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In the classic travel movie “Planes, Trains and Automobiles,” an airport shuttle leaves Steve Martin in a distant parking lot only to find the car he rented isn’t there. He spends the next few days trying to get home by any means possible.
Scenes like that are being played out this summer across the country. In some places, no rental cars are available at any price. In others, an economy-size rental may cost more than the airline ticket that got you across the country.
While some people want no part of the craziness and have postponed their travel plans, others find creative ways to secure wheels or at least get to their destination.
The best tip of all: Book your rental car before you do anything else.
The rental car drought
There’s a shortage of rental cars because there’s a shortage of new cars because there’s a shortage of the microchips used to control everything from entertainment systems to safety equipment.
That domino effect is slowly reversing, allowing rental car companies to rebuild their fleets to meet an ongoing travel surge. For example, as travel ground to a halt in 2020, Hertz sought bankruptcy protection and sold off hundreds of thousands of cars. It emerged from bankruptcy in June and is adding cars to its inventory to cope with the boom, according to a company spokesperson.
Mismatches between supply and demand are still common. Need a minivan for a Labor Day weekend getaway? Using the search engine Kayak.com to assess availability, that four-day rental in Las Vegas would cost at least $441; in Portland, Oregon, $1,029; and in Anchorage, Alaska, you would be out of luck at any price.
Think outside the airport rental counter
Here’s a look at other ways to get where you need to go — some of which might show up in online travel booking sites alongside Dollar, Budget and Enterprise, some that rely on others to do the driving. Consider these rental car alternatives:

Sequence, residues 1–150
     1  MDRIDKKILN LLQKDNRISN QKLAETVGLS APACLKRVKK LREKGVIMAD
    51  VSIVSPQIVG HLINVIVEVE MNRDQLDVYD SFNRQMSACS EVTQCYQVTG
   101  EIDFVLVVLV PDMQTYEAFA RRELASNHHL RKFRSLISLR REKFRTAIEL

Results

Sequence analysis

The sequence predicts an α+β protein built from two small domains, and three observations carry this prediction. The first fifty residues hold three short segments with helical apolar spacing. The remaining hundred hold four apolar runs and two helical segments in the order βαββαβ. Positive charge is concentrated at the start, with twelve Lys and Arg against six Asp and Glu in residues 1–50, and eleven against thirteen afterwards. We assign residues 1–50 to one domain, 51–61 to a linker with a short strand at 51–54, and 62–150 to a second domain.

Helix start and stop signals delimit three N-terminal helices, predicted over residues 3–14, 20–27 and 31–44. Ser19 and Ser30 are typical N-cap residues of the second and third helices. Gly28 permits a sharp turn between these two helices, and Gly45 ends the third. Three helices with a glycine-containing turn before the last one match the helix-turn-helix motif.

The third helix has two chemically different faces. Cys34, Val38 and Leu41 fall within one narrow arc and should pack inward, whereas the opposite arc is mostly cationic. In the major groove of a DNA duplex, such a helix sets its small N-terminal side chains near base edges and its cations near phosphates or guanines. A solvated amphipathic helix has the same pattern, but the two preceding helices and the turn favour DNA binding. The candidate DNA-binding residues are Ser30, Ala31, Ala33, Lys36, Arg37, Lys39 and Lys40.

Turo is a peer-to-peer rental car website where people share their private cars. In some cases, you can arrange to have the Turo car left at the airport and unlock it with an app. But keep in mind that many of these cars are older and others may limit the number of miles you can drive.
Getaround is similar to Turo, but it lets you rent a car by the hour. For example, the cost to use a 2019 Honda Civic for three hours in Southern California was around $30.
Zipcar requires a small membership fee, then charges hourly or daily rates. The cars are stored in city lots or on college campuses. You unlock the car with an app.
U-Haul is known for trailers and trucks but, in a pinch, these vehicles can still provide basic transportation. For example, in Southern California, a 9-foot cargo van weekly rental charge is about $300 and includes 300 miles of driving, according to the U-Haul site. But, if you’re driving to a wedding, make sure the happy couple is OK with you arriving in a work van. You may find similar commercial vehicles available through Budget, Penske or other moving truck providers.
Taxis and ride-hailing services such as Uber and Lyft are great for short hops. Rather than spending a grand for a week’s rental, you can be driven by someone else for a lot less.
Want more legroom and a driver wearing a tie? These are just two of the advantages of a limousine service. And, while it will cost more than an Uber, you can carry more people and split the extra cost.
Take the bus or other public transportation. Here’s how. In some cities, trains, subways and buses are surprisingly efficient. If you go this route, buying a daily or weekly pass will save you money and allow you to get on and off at will.
If you’re in the market for a car at home, buy one at your destination and use it for your vacation. Then, sell it, drive it back or have it shipped home.
If you’re within a reasonable range, consider driving your own car. Yes, it’s faster to fly. But if you’ll need a car and can’t find a rental, it may make sense. Maybe you’ll discover something amazing along the way.
If you must rent a car
If you do decide to go the rental car route, here are a few ways to keep the price down.
Check out a neighborhood rental lot. Airport facility fees and taxes won’t apply, and they can be hefty. Try calling the location directly if no availability shows online.
Book for a week. Often, there is a discount for a weekly rental. In some cases, if you return it early, you'll get a refund of the difference.
Prepay. Depending on the vendor you may save as much as 35%.
Use the right credit card. If you’re going to pay a small fortune, use a credit card that gives you something back, either with reward points or perks such as primary insurance coverage.
Use your preferred status as a frequent renter. It may get you to the front of the line faster, and at the highest levels, may actually guarantee you a car.